Seat Creak

Discussion in 'Road Cycling' started by Dave Pace, Jul 2, 2013.

  1. Dave Pace

    Dave Pace Member

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    As the title has stated my seat has developed a creak. Is that the sign that it is time for a new 1? Or is this just normal after a few 1000 miles?
     
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  2. daveryanwyoming

    daveryanwyoming Well-Known Member

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    It usually means it's time to do some maintenance. It can be hard to pin down creaks but it's likely coming either from the seat post itself where it's clamped in the tube or from the saddle rails where they're clamped into the seatpost. In either case mark the current position, take it apart, clean it, consider applying some carbon assembly paste to the seat post (very good idea if it's a carbon post, carbon bike or both but still can be useful for alloy components though a thin layer of grease can work for alloy posts in metal framed bikes) and reassemble and tighten everything.

    If it's actually the seat as in where the rails enter the saddle body then there might not be much you can do other than replace the saddle itself but IME it's usually one of the normal assembly points.

    Good luck,
    -Dave
     
  3. Dave Pace

    Dave Pace Member

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    No you pinned it with the saddle rails. I can grab my seat and wiggle it like my arse would and I can replicate the creak. I will try the paste/greese. TY for the response.
     
  4. CAMPYBOB

    CAMPYBOB Well-Known Member

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    "I can grab my seat and wiggle it like my arse would and I can replicate the creak."

    If your saddle rails are creaking and they are clamped tightly by the seat post, it's probably the rail/saddle shell sockets or the shell, itself, that is creaking.

    A little oil in the sockets may help. Inspect for bent rails and cracks to the shell.
     
  5. Dave Pace

    Dave Pace Member

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    And the grease worked. Took the sea off the bike. Washed the parts as they were dirty. Greased the parts and put i back together. No creak. loving it.

    While I was at it I slammed my stem and rotated my bars so the drops were even with the pipe. Feels really good and a lot better then sitting up like I was. I am also liking my new Easton rear rim.

    Before
    [​IMG]

    After
    [​IMG]
     
  6. alienator

    alienator Well-Known Member

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    That's a big change in handlebar height and reach that you made. Iffin' I were you I'd keep a close eye on your back, neck, and shoulders.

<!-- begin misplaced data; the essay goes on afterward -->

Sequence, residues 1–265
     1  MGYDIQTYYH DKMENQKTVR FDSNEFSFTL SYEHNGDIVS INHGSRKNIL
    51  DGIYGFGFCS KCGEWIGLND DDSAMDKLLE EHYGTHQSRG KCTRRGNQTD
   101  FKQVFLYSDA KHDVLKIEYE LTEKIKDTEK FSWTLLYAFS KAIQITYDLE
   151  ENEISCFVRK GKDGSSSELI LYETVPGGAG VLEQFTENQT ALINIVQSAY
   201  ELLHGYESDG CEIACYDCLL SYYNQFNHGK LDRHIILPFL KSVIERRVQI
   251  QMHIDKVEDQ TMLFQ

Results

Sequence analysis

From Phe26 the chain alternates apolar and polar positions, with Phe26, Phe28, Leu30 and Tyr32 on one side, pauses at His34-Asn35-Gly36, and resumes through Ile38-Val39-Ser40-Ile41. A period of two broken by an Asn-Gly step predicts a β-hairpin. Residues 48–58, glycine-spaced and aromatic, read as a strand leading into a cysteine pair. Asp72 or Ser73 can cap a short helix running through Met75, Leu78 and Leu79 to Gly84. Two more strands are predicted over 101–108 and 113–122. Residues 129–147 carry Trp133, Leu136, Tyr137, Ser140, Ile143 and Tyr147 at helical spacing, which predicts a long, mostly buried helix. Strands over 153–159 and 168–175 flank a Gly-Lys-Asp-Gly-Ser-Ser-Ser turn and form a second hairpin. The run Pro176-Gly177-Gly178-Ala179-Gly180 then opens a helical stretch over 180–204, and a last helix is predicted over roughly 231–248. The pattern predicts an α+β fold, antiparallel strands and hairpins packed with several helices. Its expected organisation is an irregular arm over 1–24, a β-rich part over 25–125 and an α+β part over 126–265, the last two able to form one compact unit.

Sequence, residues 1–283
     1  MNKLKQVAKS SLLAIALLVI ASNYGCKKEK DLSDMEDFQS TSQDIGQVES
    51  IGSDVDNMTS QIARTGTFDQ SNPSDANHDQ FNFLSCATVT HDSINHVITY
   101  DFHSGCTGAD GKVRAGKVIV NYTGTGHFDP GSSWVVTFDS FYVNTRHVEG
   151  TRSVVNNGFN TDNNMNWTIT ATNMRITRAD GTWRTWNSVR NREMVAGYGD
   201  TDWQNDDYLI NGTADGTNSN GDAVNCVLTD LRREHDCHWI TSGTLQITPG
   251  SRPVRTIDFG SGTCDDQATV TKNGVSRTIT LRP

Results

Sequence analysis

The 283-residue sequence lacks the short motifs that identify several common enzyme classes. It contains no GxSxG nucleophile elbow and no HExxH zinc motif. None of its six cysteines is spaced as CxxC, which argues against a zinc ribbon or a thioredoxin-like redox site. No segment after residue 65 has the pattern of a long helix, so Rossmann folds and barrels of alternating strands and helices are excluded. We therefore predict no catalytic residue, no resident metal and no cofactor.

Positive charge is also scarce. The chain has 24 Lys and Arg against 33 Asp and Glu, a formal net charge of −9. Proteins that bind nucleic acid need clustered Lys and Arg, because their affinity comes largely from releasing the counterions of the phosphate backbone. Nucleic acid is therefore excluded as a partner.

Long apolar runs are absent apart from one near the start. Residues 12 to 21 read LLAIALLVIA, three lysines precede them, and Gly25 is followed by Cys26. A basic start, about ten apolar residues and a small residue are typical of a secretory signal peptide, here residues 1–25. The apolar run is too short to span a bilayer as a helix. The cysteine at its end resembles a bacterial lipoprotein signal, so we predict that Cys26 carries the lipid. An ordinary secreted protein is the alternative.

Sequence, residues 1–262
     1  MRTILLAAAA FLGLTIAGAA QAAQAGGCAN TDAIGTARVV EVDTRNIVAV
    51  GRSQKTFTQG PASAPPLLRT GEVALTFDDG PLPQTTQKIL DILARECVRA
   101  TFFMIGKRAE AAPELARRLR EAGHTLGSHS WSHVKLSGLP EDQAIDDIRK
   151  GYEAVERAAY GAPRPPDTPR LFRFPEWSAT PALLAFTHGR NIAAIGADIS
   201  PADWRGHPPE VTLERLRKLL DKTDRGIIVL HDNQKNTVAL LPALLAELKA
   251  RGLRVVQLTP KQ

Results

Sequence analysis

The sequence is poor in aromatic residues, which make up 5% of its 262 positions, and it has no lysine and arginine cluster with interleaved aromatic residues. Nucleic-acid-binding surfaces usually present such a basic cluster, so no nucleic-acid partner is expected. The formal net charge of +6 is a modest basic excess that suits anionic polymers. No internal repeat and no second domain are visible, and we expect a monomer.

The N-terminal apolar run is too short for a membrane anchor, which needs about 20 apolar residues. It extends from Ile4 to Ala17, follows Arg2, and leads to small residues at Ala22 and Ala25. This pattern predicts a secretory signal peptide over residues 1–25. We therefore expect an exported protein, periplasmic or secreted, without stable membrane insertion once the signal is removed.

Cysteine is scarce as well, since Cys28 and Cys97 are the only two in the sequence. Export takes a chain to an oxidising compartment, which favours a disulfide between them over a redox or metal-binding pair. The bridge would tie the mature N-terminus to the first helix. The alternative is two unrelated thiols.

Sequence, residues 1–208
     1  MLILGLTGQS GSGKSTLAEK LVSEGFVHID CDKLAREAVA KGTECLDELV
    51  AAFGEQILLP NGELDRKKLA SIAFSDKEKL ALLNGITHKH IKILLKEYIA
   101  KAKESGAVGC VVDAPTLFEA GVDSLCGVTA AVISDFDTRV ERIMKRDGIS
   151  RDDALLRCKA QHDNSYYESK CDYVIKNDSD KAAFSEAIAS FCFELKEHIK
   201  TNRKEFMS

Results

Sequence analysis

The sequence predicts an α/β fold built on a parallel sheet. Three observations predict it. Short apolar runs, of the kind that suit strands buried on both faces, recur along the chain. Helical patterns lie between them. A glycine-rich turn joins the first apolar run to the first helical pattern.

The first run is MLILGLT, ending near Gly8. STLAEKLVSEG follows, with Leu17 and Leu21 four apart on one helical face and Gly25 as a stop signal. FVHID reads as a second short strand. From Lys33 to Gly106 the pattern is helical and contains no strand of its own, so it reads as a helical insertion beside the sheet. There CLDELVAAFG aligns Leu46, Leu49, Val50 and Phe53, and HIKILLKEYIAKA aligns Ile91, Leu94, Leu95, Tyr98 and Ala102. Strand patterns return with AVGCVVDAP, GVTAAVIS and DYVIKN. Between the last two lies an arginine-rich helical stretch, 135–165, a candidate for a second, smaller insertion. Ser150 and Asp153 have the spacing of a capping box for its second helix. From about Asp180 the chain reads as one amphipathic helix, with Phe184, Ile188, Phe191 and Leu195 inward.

7. Dave Pace

    Dave Pace Member

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    I will, but I rode it well over 30 miles today and I felt fine. I am thinking (and correct me if I am wrong,) But my orig fitting was done at 290 lbs. and also I was coming off a walmart mountain bike. so I felt stretched out. Now I am 250/245lbs depending on the dinner the night b4 and it just felt good so I think the bike fit fluctuates with your body weight. Am I right?
     
  8. alienator

    alienator Well-Known Member

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    Certainly bike fit can and does change with fitness. It can even change within a season. For instance if you don't cycle much over a winter, you might find that your normal bike position is a bit too much when you start cycling again in the spring (just an example). I'm just saying to be wary of your body. You might not feel the effects of such a large change yet, or maybe you'll only feel them on long rides. Maybe you won't feel any effects at all. In general, it's not the best idea to make big changes in bike fit as it gives your body very little time to adapt. So again, just pay attention to what your body tells you .
     
  9. Dave Pace

    Dave Pace Member

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    will do, ty man
     
  10. CAMPYBOB

    CAMPYBOB Well-Known Member

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    " So again, just pay attention to what your body tells you ."

    This...coming from the guy that is constantly repeating the mantra that the human is a poor judge of what is going on???!!!
     
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